As she awaits sentencing for her role in the college admissions scandal that made headlines earlier this year, Felicity Huffman has written a letter to the judge explaining what led her to pay thousands of dollars to have her daughter’s SAT score altered. Huffman pleaded guilty in May to honest services fraud for “donating” $15,000 to a fake charity used by William “Rick” Singer, the organizer behind a massive scheme to get students into prestigious colleges by bribing college officials and tampering with test results. Prosecutors recommend Huffman spend a month in prison—down from the 4–10 months they previously recommended—and pay $20,000 in fines. She is scheduled to be sentenced on Friday.
“I didn’t go shopping for a college counselor to find out how to rig a SAT score,” Huffman tells Indira Talwani, a federal judge in the District of Massachusetts, where the case is being tried. “I didn’t even know such a thing existed.” Instead, Huffman says she initially hired Singer to legitimately advise her two daughters, both of whom have learning disabilities, and was told that her older daughter’s low math scores would prevent her from being admitted to a program to study theater. Huffman claims she was then “shocked” when Singer proposed having a test proctor correct her daughter’s SAT answers and that it took six weeks for her to make up her mind before she ultimately agreed to the scheme—about which her daughter apparently knew nothing.
“As warped as this sounds now, I honestly began to feel that maybe I would be a bad mother if I didn’t do what Mr. Singer was suggesting,” Huffman writes.
In my desperation to be a good mother, I talked myself into believing that all I was doing was giving my daughter a fair shot. I see the irony in that statement now because what I have done is the opposite of fair. I have broken the law, deceived the educational community, betrayed my daughter, and failed my family. When my daughter looked at me and asked with tears streaming down her face “Why didn’t you believe in me? Why didn’t you think I could do it on my own?” I had no adequate answer for her. I could only say, “I am sorry. I was frightened and I was stupid.”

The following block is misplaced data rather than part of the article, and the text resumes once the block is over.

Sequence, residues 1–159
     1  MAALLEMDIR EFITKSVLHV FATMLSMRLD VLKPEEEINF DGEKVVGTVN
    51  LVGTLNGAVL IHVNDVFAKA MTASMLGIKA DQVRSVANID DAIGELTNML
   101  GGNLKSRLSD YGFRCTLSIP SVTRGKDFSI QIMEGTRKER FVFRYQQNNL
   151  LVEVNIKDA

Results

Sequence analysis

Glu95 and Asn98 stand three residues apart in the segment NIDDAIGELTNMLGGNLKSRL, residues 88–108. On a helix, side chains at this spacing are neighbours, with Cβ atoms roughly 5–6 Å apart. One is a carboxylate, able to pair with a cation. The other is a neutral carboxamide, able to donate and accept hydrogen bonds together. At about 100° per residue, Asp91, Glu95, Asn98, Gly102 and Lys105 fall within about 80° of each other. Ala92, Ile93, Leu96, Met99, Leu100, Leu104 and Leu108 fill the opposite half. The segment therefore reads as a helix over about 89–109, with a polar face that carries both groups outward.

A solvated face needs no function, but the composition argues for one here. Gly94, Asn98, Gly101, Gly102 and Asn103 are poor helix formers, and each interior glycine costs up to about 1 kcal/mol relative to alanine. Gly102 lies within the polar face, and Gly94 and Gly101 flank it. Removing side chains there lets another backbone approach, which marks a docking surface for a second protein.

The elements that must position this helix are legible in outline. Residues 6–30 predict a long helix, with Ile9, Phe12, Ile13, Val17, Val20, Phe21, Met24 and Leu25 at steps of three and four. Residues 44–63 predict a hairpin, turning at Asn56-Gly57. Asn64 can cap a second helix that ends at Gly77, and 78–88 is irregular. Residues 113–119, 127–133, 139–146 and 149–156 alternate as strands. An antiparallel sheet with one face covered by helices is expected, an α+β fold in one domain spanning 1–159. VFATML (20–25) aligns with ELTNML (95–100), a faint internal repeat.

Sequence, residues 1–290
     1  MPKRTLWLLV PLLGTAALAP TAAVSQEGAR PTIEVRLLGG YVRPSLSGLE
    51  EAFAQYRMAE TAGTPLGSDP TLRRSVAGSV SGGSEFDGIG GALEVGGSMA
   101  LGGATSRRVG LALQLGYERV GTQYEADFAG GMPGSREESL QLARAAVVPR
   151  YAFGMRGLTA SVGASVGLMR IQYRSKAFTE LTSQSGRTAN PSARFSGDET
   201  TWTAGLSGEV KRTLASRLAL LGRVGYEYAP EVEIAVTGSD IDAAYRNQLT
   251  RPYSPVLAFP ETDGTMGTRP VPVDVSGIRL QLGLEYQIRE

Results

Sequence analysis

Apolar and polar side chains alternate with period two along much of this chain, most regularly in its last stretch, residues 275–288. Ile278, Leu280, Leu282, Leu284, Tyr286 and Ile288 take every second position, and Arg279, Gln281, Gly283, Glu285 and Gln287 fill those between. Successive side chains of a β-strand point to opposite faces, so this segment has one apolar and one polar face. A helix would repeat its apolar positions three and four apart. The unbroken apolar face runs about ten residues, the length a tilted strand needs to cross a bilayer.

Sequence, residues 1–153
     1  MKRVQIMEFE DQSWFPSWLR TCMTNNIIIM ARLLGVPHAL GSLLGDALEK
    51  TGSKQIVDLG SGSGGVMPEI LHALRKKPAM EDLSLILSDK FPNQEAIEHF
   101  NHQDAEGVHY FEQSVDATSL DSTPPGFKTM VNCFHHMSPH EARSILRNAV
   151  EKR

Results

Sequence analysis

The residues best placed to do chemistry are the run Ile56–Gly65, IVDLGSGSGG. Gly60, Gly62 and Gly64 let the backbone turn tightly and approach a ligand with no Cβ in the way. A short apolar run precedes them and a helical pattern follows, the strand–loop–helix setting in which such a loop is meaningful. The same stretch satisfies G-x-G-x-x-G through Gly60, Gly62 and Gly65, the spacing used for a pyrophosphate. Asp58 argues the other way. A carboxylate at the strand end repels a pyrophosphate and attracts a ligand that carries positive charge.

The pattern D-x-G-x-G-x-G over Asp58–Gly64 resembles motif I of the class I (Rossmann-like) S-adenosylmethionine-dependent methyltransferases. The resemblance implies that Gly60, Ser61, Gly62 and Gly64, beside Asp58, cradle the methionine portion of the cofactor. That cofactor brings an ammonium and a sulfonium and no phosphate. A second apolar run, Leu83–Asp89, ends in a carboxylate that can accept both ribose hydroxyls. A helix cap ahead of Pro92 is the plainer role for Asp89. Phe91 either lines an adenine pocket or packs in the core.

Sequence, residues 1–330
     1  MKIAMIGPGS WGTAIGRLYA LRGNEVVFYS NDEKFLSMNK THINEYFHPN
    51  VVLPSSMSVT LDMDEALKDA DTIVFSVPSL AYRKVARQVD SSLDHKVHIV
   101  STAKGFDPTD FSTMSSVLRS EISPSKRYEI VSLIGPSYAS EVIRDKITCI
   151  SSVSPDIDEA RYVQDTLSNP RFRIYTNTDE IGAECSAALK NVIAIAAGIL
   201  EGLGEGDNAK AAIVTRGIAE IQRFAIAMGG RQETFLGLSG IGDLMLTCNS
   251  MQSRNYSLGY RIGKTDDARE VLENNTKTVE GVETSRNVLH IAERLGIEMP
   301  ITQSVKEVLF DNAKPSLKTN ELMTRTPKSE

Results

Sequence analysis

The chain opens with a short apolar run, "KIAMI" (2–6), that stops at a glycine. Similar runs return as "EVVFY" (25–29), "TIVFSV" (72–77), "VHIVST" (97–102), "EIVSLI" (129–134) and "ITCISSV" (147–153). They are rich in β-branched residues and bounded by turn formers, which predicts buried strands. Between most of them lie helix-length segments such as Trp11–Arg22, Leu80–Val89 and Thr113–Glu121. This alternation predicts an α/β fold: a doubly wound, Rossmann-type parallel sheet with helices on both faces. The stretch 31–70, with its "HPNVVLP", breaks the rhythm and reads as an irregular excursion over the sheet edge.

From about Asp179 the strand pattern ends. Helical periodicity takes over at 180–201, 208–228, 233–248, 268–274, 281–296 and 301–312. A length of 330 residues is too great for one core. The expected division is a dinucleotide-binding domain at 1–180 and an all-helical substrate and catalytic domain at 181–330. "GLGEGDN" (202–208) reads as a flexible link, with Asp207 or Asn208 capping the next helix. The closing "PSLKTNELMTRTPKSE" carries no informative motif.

Huffman’s husband, William H. Macy, echoed many of the same sentiments in another letter to the judge, praising Huffman as a parent but noting that motherhood has always “frightened” her. “She’s struggled to find the balance between what the experts say, and her common sense,” he writes, noting that, ironically, the program his daughter was most interested in doesn’t even require SAT scores. According to the criminal complaint, Macy was also party to Singer’s plan but, unlike his wife, he has not been charged with a crime, for reasons that remain unclear.
Macy says the scandal has taken the greatest toll on their daughter, who “has nightmares from the FBI agents waking her that morning with guns drawn” and that the whole family is in therapy. “I know you know this your honor, but those girls still need their mom,” he concludes, writing that “every good thing in my life is because of Felicity Huffman.”
Macy’s letter is one of 27 character references submitted by Huffman’s team ahead of her sentencing later this week. In another letter, Huffman’s former Desperate Housewives co-star Eva Longoria writes that Huffman stood up for her when she was “bullied” by one of the other actresses and convinced the rest of the cast to negotiate their salaries as a group, to Longoria’s benefit: “I would not have survived those 10 years if it wasn’t for the friendship of Felicity.”